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Science

Submission + - WHO: Cell Phones Are "Possibly Carcinogenic" (sciencemag.org)

sciencehabit writes: Whether or not cell phones cause brain cancer is a question that's been debated (but not answered) for years, and today the World Health Organization (WHO) stepped into the fray. A WHO committee that evaluates various potential cancer-causing agents concluded that radiofrequency electromagnetic fields, including cell phones, are "possibly carcinogenic" to people.
Cellphones

Submission + - WHO Declares Cell Phones to be Class 2B Carcinogen (inhabitat.com) 2

lucidkoan writes: Today the World Health Organization declared electromagnetic radiation from cell phones to be a class 2B carcinogen (pdf) — the same classification as lead, auto exhaust, and the pesticide DDT. The announcement was spurred by a series of studies peer-reviewed by a team of 31 scientists from the International Agency for Research on Cancer, who found that radiation emitted by cell phones is "possibly carcinogenic to humans".

Submission + - Swiss court finds tracking p2p illegal (wordpress.com)

An anonymous reader writes: A swiss court has declared the activities of Logistep AG to track down the IP addresses of P2P transactions at the request of rights holders to be illegal and has ordered the arrest of its director.
Communications

Submission + - UVB-76 in a frenzy (blogspot.com) 1

luder writes: Russian shortwave radio station UVB-76 has been in a heap of activity, lately. After several voice messages were heard in August, the buzzer went silent on September 1st, when it appears to have entered maintenance mode. Unusual activity followed on September 2nd, alternating transmissions of morse code, buzzing and a short clip of Dance of the Little Swans, from Swan Lake ballet [mp3 file]. More voice transmissions were received, mostly people counting, and someone saying "[I am] on site, working, but she is weak". The interest in the station seems to have skyrocketed, particularly thanks to a 4chan message, posted in the end of May, where someone claimed UVB-76 would initiate the detonation of a nuclear device in South Korea, in early September. Some people with access to shortwave radio transmitters have been starting pirate transmissions at the UVB-76 frequency, broadcasting music, morse code with personal messages and voice messages trying to pass as genuine transmissions. uvb-76.net is providing live streams as received 900km NW from the station, in case you wish to join the bandwagon.
Data Storage

Preserving Memories of a Loved One? 527

An anonymous reader writes "My wife is dying of metastatic (stage 4) cancer. Statistically she has between one and two years left. I have pre-teen daughters. I'm looking for innovative ideas on how to preserve memories of their mother and my wife so that years down the road we don't forget the things we all tend to forget about a person as time passes. I have copious photos and am taking as much HD video as I can without being a jerk, so images and sounds are taken care of (and backed up securely). I'm keeping a private blog of simple daily events that help me remember the things in between the hospitalizations and treatments. In this digital age what other avenues are there for preserving memories? Non-digital suggestions would be welcome, too."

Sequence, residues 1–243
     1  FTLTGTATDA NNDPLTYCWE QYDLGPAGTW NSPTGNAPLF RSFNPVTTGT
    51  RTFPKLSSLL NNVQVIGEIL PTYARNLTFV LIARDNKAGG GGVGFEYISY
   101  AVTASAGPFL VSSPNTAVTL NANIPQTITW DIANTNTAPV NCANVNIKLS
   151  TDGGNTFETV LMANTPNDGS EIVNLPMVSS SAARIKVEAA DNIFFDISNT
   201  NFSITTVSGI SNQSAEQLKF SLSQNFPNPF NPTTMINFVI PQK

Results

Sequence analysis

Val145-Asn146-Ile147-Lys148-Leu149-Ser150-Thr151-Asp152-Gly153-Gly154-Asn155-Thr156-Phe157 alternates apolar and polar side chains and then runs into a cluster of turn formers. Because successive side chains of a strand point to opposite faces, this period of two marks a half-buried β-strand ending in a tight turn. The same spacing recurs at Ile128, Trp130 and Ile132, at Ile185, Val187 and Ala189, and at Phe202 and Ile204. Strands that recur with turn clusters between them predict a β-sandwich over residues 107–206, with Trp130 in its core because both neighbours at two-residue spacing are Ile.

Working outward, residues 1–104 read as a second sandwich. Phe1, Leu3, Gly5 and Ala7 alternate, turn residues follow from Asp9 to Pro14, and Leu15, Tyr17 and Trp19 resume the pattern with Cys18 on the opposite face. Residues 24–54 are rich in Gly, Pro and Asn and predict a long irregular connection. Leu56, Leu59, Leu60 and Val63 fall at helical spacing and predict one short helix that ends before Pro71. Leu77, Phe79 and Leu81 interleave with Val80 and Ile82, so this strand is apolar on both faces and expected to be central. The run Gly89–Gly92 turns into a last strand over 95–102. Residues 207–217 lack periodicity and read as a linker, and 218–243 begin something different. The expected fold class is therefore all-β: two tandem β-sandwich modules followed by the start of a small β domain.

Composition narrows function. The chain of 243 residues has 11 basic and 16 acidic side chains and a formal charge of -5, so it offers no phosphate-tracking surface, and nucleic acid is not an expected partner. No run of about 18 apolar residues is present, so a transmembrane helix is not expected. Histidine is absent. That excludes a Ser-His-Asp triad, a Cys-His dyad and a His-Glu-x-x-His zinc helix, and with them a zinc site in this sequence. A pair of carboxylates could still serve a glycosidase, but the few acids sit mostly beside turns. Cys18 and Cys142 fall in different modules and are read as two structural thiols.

Google

Submission + - Google execs convicted for Italy autism video (itnews.com.au)

schliz writes: A court in Milan, Italy has handed down six-month suspended jail terms to three Google executives for violating the privacy of an Italian boy with autism by letting a video of him being bullied be posted on its site in 2006.

Google will appeal verdict, saying that it "poses a crucial question for the freedom on which the internet is built". It says that hosting platforms like Google Video, YouTube and Facebook do not create their own content and cannot be held responsible for content that others upload.

The Courts

Submission + - Judge rules TorrentSpy destroyed evidence (arstechnica.com) 2

Come play kdice writes: "A federal judge has handed the MPAA a resounding victory in its copyright infringement lawsuit against TorrentSpy. Judge Florence-Marie Cooper entered a default judgment against Justin Bunnell and the rest of named defendants in Columbia Pictures et al. v. Justin Bunnell et al. after finding that TorrentSpy "engaged in widespread and systematic efforts to destroy evidence" and lying under oath about said destruction. After being sued, TorrentSpy mounted a vigorous defense, including a countersuit it filed against the MPAA in May 2006, but, behind the scenes, the court documents paint a picture of a company desperately trying to bury any and all incriminating evidence. TorrentSpy has announced its intention to appeal, but its conduct makes a reversal unlikely."

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